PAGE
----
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Ionarts-at-Large: The Takács Quartet in Vienna

The heart of chamber music of Vienna beats in the Mozart-Saal. But the offerings at the Brahms-Saal of the venerable, more famous Musikverein can be tempting, too… and if and when the Takács Quartet calls whence, the resident-ionarts unit will drop whatever he is doing and head over to hear one of our longest standing favorites. Even in an utterly conservative program such as they presented at the Musikverein on Tuesday, February 10th: Schubert, Schubert, Beethoven. And the Beethoven “Razumovsky 1” at that… not that there is anything wrong with that. But it’s not the modern Beethoven à la op.135 which might have been the programmatically redeeming element served very severely at the end.

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F.Schubert, "Rosamunde" & "Death & Maiden" SQ4ts,
Takács Quartet

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L.v.Beethoven, "opp.59 & 74 SQ4ts,
Takács Quartet

The Brahms-Saal, if you haven’t been, looks and feels something like what an Egyptian sarcophagus must, from the inside, and with a similar average age of its contents. Or imagine a Russian oligarch with more money than sense who got to re-design Wigmore Hall after watching a 70s Hercules film: Doric columns in rusty red and emerald green stone tiles and gild plated carvings, cherubs, and Greek maidens (as pillars) everywhere. If it wasn’t hallowed traditional grounds, people would call for the wrecking ball.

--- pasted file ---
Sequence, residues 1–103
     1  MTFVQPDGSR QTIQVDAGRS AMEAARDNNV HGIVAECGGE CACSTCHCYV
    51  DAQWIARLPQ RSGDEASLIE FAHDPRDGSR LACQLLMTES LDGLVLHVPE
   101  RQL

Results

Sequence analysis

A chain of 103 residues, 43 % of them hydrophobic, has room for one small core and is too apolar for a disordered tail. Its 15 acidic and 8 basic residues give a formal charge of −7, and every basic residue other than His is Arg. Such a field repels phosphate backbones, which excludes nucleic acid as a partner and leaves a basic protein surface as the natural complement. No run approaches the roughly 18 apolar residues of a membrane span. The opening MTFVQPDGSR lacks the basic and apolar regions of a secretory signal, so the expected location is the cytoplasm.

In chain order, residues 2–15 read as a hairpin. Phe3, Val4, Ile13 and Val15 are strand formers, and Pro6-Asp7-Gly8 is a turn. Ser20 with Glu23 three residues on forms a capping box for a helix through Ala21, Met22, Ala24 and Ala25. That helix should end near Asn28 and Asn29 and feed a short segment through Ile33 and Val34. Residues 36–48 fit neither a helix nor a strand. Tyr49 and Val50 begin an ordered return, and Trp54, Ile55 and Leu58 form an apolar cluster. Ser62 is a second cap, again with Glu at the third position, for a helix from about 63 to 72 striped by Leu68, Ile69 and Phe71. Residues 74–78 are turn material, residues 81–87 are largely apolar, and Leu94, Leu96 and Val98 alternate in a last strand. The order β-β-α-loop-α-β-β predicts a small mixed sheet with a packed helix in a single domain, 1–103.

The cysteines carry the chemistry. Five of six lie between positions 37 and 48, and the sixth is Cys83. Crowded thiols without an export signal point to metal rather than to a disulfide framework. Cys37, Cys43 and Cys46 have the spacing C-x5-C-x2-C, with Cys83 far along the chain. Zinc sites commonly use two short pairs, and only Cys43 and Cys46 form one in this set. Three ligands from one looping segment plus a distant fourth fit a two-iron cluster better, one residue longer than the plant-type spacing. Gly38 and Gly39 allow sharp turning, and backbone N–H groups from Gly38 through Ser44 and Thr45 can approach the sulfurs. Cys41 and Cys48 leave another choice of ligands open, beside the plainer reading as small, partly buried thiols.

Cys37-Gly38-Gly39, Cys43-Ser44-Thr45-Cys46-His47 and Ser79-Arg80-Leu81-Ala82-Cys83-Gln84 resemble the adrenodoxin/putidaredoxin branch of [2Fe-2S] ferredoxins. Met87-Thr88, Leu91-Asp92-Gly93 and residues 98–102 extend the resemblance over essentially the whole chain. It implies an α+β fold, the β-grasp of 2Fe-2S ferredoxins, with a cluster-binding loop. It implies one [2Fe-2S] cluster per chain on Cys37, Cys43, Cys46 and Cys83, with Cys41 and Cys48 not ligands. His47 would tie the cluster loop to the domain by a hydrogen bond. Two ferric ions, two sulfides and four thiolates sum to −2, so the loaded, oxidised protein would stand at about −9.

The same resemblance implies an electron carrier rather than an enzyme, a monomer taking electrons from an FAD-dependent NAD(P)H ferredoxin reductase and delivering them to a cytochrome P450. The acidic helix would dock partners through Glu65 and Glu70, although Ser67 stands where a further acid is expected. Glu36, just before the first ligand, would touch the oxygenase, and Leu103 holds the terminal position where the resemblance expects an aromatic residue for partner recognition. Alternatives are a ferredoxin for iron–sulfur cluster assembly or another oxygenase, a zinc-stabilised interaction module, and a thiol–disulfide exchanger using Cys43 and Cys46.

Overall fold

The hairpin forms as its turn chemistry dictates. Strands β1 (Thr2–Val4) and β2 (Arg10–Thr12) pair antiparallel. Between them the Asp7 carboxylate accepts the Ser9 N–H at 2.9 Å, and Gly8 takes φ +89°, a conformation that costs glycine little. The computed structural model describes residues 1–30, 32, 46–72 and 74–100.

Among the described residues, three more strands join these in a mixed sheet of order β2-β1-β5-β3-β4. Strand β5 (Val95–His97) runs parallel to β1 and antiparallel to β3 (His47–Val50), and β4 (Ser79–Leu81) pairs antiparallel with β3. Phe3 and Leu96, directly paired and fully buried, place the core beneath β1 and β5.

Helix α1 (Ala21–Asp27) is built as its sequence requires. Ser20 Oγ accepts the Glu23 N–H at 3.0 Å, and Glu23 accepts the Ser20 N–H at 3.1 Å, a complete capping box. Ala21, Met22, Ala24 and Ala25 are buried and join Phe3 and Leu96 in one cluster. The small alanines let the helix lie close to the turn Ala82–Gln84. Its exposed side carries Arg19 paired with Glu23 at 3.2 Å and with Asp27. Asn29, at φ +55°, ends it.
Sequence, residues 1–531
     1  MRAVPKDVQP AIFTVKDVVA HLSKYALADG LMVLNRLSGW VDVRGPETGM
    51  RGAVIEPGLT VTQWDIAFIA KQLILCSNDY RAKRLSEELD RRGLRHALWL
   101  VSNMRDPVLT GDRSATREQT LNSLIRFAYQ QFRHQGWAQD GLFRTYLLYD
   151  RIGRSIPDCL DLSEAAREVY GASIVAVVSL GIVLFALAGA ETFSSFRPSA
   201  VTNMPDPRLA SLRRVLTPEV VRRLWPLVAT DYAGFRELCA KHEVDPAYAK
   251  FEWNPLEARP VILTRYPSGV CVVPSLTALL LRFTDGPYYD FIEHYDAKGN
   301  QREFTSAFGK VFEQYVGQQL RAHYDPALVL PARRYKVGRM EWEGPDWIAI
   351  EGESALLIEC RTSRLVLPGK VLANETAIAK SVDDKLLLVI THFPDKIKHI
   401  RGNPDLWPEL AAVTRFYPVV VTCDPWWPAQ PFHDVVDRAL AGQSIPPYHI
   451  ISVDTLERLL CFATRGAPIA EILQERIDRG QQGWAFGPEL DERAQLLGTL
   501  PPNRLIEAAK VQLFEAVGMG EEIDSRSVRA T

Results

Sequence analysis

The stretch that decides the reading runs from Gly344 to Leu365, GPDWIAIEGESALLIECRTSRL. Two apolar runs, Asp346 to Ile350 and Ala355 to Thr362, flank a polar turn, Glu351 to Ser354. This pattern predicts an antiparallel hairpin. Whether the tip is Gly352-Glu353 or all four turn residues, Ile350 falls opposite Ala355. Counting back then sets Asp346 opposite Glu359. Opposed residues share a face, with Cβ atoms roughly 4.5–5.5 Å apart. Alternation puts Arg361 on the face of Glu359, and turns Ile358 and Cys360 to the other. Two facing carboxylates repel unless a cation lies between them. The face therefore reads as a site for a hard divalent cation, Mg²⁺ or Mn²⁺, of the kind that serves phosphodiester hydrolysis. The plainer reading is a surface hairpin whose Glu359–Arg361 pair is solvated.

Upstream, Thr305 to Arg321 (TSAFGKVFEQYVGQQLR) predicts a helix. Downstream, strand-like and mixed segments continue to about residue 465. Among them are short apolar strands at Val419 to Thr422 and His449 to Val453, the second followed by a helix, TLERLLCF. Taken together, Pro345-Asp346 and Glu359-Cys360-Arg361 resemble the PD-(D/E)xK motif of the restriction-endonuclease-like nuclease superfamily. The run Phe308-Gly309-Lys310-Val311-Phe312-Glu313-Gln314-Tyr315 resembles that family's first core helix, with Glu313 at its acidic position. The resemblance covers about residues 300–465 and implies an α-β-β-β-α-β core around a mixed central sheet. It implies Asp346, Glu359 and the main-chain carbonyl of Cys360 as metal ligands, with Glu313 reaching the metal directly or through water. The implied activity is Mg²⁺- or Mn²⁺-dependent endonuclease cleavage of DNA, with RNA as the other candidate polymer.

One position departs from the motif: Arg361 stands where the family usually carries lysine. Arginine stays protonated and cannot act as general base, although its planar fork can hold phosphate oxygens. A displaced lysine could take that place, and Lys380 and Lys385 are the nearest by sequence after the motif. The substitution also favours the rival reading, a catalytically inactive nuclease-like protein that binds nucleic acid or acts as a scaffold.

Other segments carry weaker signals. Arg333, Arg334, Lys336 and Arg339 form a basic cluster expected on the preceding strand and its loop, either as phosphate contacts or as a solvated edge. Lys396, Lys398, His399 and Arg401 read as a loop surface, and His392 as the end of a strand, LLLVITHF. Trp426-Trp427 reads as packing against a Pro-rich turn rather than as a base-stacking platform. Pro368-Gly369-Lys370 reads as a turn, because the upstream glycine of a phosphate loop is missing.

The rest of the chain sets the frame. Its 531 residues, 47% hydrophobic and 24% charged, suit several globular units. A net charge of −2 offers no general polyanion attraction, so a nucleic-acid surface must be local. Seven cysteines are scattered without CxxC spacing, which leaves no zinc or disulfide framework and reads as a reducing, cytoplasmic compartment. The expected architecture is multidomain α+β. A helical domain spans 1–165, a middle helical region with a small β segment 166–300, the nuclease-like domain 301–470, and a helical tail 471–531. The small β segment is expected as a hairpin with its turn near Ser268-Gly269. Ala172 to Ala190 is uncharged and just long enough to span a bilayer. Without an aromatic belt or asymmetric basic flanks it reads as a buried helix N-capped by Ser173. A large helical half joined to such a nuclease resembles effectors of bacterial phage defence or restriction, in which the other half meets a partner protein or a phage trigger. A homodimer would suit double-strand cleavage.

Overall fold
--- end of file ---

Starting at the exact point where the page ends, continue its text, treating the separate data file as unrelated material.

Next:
The Schubert Quartettsatz the Takács Quartet performed up front was sprightly, lean, with a transparent—almost thin—sound, let by Edward Dusinberre’s first violin which allowed for half a grain of sand to fit between note played and note written. Not perfection, granted, but tension—to put a positive spin on it. The Rosamunde Quartet was calm, very similar to the Quartettsatz, with bone-dry attacks. Geraldine Walther’s viola sounded a bit tame and pale—or at least that of it which arrived at row eighteen. Despite several spark-attempts in the last movement of the Schubert, Rosamunde (or my ears, to give due credit subjectivity) did not catch fire.

The Takács Quartet has been formative in my appreciation of chamber music—Bartók and Beethoven string quartets in particular. This causes not only positive bias but also formidable expectations. They were not met in the Schubert… the Rosamunde I might privately even describe, without pretentions to objectivity or falsifiability, as boring. But in Beethoven’s op.59/1 I heard some of the old magic that I have memories of memories of [sic]. András Fejér’s spunky cello playing came to the fore and a bit of Beethovenian ruckus was in the air. Saving the by far best for last, the musicians gave Bartók’s pizzicato movement from the Fourth Quartet as an encore. They played it with all the funk that I remembered, too: it had me right back at the Freer Gallery, where I first heard that Quartet with the Takács, over a decade ago.

1 comment:

MUSE said...

As Vilde Frang likes to say, inspiration is the most important thing.